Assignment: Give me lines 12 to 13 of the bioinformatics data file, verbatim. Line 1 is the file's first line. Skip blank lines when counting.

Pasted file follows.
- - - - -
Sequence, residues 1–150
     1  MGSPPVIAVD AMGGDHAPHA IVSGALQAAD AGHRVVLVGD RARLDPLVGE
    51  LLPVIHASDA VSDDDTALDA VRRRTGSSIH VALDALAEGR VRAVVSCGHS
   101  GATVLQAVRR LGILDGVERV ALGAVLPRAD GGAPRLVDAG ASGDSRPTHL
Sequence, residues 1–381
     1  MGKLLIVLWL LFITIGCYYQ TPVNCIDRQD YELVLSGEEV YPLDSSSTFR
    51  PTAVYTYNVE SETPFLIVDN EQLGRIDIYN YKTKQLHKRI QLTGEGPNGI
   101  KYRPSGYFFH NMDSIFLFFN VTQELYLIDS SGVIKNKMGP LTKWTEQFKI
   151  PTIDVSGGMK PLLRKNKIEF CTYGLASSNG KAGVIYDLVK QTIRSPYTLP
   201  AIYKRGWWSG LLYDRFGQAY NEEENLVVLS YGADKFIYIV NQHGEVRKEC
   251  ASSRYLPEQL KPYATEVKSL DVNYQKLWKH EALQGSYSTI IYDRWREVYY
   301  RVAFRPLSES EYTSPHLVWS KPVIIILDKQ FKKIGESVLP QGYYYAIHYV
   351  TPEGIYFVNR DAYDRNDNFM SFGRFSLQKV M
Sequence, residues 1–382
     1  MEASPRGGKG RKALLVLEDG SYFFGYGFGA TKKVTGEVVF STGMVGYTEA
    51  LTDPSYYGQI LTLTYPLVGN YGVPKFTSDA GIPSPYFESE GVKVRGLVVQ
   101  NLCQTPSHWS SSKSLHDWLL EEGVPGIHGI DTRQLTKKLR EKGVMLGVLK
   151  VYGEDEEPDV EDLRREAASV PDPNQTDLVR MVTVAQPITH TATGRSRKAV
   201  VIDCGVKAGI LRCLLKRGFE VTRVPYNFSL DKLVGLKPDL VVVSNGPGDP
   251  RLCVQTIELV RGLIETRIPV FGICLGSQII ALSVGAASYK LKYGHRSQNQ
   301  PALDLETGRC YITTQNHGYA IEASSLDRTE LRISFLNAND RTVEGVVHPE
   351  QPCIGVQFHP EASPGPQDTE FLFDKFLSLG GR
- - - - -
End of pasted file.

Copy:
   301  RVAFRPLSES EYTSPHLVWS KPVIIILDKQ FKKIGESVLP QGYYYAIHYV
   351  TPEGIYFVNR DAYDRNDNFM SFGRFSLQKV M